Gen Z and millennials now make up nearly half (46%) of the full-time workforce in the U.S., as reported by Gallup. They are also the first generations to grow up with the Internet. So they are acutely attuned to social justice and environmental movements, and when they are not, they know how to access that information and develop a point of view quickly. As a result, they will prioritize employers that align with their personal values and ethics.
According to the 2022 Deloitte Global Gen Z and Millennial Survey, nearly two in five in this demographic have rejected a job because it did not align with their values. And behind cost of living, climate change is the top concern for both millennials and Gen Zs. 75% of Gen Zs and millennials agree that the world is at a tipping point when it comes to climate change and almost half say they have put some pressure on their employer to take action.
Gen Zs and Millennials are unafraid to speak up in the workplace, are more invested than previous generations in human rights, and will notice contradictions between a company’s advertised values and its actions. A McKinsey study on Gen Zs put it well: “Young consumers don’t distinguish between the ethics of a brand, the company that owns it, and its network of partners. A company’s actions must match its ideals, and those ideals must permeate the entire stakeholder system.
🤳 The number of remote side hustles will increase.
Written by: Nadia Harris, Founding Member @ Remote-First Institute
The number of tech layoffs has shaken the global market. This has led numerous workers to consider starting a side hustle. According to 2022 data, 76% of gig workers would not quit their freelance work for a full time employed position.
More employees will look for opportunities to monetize their skills and make extra income. In the gig economy, where the end result matters most, workers will be able to make extra income.
🔥 Metaverse as a corollary playing with web3
Written by: Caitlin Krause, Chief Wellness Officer @ TRIPP | Digital Well-being @Stanford | Founder @MindWise
The term “metaverse” will become better defined and understood by people when they use it for meaningful experiences. When people have experiences that contribute to enhancing quality of life and future of work, that’s when the term “metaverse” will be better demystified and contextual.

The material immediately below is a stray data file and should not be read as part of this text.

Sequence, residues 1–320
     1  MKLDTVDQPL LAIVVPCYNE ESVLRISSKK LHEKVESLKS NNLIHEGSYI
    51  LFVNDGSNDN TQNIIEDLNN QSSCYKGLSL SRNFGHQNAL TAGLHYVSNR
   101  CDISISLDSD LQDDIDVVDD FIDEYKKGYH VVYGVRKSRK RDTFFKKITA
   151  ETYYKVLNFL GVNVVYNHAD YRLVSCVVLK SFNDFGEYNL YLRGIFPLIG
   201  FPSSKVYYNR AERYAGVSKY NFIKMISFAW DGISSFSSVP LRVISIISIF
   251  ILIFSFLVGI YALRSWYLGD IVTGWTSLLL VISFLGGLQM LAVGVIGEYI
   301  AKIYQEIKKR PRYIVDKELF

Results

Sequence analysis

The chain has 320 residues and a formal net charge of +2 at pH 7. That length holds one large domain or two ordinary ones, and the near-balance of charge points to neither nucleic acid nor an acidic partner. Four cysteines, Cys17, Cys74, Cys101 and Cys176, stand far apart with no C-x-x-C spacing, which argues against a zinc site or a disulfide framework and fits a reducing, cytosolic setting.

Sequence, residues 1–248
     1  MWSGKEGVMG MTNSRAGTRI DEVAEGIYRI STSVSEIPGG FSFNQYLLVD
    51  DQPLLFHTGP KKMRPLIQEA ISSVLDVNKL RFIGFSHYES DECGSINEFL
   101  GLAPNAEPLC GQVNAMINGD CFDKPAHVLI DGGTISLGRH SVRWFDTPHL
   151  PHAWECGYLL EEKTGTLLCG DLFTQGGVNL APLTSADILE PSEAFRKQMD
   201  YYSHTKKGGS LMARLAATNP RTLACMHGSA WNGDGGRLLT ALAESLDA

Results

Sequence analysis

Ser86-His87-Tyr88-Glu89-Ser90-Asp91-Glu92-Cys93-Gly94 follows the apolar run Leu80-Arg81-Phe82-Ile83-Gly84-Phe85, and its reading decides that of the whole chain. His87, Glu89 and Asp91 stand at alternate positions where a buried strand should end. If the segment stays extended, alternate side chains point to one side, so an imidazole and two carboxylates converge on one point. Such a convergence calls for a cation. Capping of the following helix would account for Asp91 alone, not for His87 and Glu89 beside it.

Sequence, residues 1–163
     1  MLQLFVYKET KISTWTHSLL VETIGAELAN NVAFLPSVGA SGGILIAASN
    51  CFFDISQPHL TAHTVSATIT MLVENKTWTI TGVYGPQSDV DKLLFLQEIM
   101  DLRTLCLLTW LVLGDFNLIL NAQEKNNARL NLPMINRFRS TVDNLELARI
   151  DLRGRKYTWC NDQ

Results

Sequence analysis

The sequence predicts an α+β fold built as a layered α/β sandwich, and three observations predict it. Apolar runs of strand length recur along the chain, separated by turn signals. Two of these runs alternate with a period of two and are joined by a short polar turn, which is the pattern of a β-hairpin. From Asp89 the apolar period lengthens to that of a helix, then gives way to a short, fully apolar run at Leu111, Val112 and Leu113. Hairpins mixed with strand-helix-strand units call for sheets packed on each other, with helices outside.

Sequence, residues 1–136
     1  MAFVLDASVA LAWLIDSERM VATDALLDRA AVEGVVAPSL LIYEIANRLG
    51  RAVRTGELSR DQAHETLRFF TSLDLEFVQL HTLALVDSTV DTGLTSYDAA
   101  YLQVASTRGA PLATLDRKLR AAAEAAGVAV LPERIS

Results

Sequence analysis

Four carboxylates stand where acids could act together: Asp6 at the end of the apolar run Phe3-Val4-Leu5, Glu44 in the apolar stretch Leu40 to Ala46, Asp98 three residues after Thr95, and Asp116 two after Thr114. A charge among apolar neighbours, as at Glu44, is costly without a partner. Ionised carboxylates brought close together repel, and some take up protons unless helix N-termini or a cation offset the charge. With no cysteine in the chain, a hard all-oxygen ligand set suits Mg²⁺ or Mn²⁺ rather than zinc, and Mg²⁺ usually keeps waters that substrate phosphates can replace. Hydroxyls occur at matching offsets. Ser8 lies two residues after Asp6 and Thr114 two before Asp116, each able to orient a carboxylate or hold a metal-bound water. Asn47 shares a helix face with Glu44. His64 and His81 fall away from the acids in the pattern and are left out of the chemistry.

Original definitions of the Metaverse, namely involving the 3 S’s of “shared, spatialized and social” will advance to incorporate other key qualities, as detailed in The 7 S’s of the Metaverse.
The three exponential technologies that underpin the Metaverse (XR | AI | Blockchain) will be further developed as cultural entities with intrinsic values and opportunities for collaboration and cooperation: - XR (Extended Reality)= 3D, Avatars, Communication, VR/AR/MR, Volumetric Capture, Haptics, Scent, Spatial Audio, Game Engines. - AI (Artificial Intelligence)= Computer Vision, Simultaneous Location and Mapping (SLAM), Automated Content Creation, Natural Language Processing (NLP), Suggestion Algorithms. Exciting opportunities using OpenAI and namely chatGPT in 2023 have communities starting to understand the impact of AI to play a role in creative fields. - Blockchain = Cryptocurrency (BTC, HBAR, ETH), Smart Contracts (ETH, HBAR, Distributed Autonomous Organizations (DAO’s), Non-Fungible Tokens (NFT’s), Digital Land, Decentralized Finance (DeFi).
Our ability to develop “Metaverse fluency” as individuals and teams will play a key role in learning how to meet the demands of the future of work and full life flourishing. As “Web3 tech drives remote work engagement,” the Metaverse will be the place for connection. Focuses on internal connection will drive VR adoption; External connection (with the physical world around us) will drive AR adoption. “Reality layering” will change how we interact with the worlds around us and have implications for work use cases. Companies that leverage both VR and AR platforms and understand the advantages of both in concert for education, leadership, wellness, and team collaboration will have the most resilience.
Neuroscience findings and the ability to explore our inner world of consciousness will converge with opportunities in metaverse to bring us closer together, better connected to ourselves and each other. Research into creative states of flow, identity formation, emotional intelligence, empathy, and embodied storytelling, as well as wonder, awe, and “collective effervescence” are areas where metaverse development can play a role in enhancing quality of life flourishing for humanity.